almond flour pancakes with butter on top


Almond Flour Pancakes

  • Author: Cookie and Kate
  • Prep Time: 10 minutes
  • Cook Time: 20 minutes
  • Total Time: 30 minutes
  • Yield: 12 1x
  • Category: Breakfast
  • Method: Stovetop
  • Cuisine: American
  • Diet: Gluten Free

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These almond flour pancakes are tender, hearty and delicious. Plus, they’re gluten-free and lower in carbohydrates than most. The recipe yields about 12 pancakes (it can be easily halved, but extra pancakes freeze well, so I suggest making the full batch). 



Dry ingredients

  • 2 cups (185 grams) fine blanched almond flour, spooned and leveled 
  • 2 teaspoons baking powder 
  • ½ teaspoon ground cinnamon (optional)
  • ½ teaspoon fine salt 

Wet ingredients

  • 3 eggs, ideally at room temperature
  • ½ cup milk (any milk will do), more as needed
  • 2 tablespoons melted butter or melted coconut oil 
  • 2 tablespoons maple syrup (optional)
  • 1 teaspoon vanilla extract 
  • ½ teaspoon almond extract (optional)
  • Avocado oil, butter, or coconut oil, for greasing the pan


  1. In a medium mixing bowl, combine the dry ingredients and gently whisk until combined. 
  2. In a separate smaller bowl, whisk together the eggs. Add the remaining wet ingredients and whisk until combined. If the butter solidifies upon contact with cold ingredients, let it warm for a few minutes at room temperature or microwave it in 10-second increments.
  3. Pour the wet ingredients into the dry, and stir until combined. Warm a large skillet over medium-low heat (or heat an electric skillet to 325 degrees Fahrenheit). It’s warm enough when a few drops of water immediately sizzle upon contact and promptly evaporate. 
  4. Check the batter’s consistency; you may need to stir in more milk (2 tablespoons at a time) to achieve the desired consistency (see photos). The batter should not be runny or so thick that it’s difficult to stir. It’s just right when you can pour some batter into a pan to make a nice round shape without helping it spread out.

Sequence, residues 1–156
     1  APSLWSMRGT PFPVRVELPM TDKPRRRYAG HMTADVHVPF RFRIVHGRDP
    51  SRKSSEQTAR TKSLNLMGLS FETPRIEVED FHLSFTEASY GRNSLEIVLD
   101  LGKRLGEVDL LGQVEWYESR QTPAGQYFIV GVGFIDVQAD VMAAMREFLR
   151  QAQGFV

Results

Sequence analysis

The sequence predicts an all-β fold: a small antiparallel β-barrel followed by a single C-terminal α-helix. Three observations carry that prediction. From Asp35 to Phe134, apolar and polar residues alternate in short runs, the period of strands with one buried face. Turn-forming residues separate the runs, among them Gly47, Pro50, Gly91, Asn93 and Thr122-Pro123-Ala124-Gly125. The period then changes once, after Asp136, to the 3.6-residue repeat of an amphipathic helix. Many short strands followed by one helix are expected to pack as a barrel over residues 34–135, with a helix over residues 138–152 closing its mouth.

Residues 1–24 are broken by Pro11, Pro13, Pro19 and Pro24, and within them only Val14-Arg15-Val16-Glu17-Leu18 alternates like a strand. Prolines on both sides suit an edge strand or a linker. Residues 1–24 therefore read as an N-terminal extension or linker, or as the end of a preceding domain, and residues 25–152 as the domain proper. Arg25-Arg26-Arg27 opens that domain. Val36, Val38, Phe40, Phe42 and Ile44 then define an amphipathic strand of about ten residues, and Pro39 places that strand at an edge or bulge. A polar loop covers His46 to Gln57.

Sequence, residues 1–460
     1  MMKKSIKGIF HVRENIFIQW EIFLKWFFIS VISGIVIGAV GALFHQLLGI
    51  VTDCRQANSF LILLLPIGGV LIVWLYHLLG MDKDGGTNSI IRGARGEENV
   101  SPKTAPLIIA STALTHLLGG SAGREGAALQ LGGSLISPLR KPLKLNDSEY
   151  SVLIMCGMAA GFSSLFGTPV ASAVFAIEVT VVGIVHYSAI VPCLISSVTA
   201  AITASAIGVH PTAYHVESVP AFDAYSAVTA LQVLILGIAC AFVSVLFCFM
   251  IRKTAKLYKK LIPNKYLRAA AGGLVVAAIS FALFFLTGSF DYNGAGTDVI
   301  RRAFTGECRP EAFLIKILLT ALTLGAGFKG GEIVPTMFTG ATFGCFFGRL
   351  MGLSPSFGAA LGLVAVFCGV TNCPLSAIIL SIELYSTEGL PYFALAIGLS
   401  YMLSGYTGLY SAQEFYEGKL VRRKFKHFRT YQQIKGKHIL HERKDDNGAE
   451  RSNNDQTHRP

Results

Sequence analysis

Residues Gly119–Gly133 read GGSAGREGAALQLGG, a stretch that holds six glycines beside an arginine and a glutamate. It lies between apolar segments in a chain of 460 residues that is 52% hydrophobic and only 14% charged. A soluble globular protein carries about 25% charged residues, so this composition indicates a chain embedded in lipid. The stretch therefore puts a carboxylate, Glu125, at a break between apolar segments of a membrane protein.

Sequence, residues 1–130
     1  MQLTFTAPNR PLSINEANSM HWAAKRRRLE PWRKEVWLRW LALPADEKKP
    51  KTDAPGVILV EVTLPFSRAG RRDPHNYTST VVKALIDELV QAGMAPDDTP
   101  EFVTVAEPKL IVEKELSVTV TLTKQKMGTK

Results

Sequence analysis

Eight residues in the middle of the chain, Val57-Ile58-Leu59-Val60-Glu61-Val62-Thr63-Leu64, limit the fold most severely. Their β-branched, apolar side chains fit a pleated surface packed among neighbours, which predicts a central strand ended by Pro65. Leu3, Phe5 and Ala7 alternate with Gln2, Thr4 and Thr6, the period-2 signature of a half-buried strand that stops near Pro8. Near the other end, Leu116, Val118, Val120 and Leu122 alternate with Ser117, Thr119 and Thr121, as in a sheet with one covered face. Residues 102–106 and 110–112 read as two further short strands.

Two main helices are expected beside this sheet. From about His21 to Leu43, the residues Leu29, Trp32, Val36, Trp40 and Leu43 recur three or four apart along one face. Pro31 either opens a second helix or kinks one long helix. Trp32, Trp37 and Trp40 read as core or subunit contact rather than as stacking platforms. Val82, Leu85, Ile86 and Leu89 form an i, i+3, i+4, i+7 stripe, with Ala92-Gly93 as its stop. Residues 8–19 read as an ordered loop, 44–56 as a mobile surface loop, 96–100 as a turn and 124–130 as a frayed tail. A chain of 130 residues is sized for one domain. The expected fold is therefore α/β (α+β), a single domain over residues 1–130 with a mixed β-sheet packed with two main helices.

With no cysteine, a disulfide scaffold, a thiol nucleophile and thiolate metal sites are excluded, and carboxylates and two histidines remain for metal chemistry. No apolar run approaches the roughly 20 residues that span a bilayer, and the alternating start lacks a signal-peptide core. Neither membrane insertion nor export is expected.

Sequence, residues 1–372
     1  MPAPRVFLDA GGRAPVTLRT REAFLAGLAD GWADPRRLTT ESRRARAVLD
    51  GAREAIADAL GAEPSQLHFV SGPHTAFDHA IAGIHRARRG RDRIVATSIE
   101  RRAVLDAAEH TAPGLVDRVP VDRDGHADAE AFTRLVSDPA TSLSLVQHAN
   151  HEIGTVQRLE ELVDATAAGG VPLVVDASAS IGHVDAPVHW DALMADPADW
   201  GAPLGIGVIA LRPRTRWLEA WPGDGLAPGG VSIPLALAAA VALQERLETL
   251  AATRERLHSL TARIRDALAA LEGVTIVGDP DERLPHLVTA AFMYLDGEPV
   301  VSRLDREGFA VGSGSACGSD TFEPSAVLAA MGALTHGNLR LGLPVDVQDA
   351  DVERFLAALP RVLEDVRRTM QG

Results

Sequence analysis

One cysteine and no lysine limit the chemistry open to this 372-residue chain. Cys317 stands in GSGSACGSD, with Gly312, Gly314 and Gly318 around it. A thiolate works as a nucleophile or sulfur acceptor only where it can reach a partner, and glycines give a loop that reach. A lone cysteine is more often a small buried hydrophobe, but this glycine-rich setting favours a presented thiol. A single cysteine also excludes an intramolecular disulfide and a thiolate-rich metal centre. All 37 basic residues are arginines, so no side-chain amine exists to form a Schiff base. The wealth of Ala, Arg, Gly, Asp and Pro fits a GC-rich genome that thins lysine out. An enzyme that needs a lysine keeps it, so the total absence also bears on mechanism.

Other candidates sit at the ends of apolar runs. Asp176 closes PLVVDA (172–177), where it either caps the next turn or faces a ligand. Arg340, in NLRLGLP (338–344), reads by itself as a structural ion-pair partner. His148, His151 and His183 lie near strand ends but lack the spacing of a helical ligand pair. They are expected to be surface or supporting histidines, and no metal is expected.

5. Lightly oil the skillet and wipe out any excess with a paper towel (or evenly distribute about ½ teaspoon oil with a silicone brush). Scoop a scant ¼ cup batter into the skillet. Wait until the perimeter is turning matte and you see bubbles forming all over, then gently flip the pancake and cook until the other side is lightly browned. 
  6. Repeat with the remaining batter, lightly oiling between each round. Reduce the heat as necessary if the pancakes are becoming too dark before cooking through (almond flour pancakes brown more quickly than regular pancakes, and I am constantly turning down the heat as I cook these pancakes in a skillet). 
  7. Transfer the cooked pancakes to a plate or keep them warm in a 200-degree oven. Serve warm. Leftovers will keep in the refrigerator for up to 5 days or up to 4 months in the freezer.


Make it dairy free: Choose dairy-free milk, such as almond milk, and use coconut oil instead of butter.

▸ Nutrition Information

The information shown is an estimate provided by an online nutrition calculator. It should not be considered a substitute for a professional nutritionist’s advice. See our full nutrition disclosure here.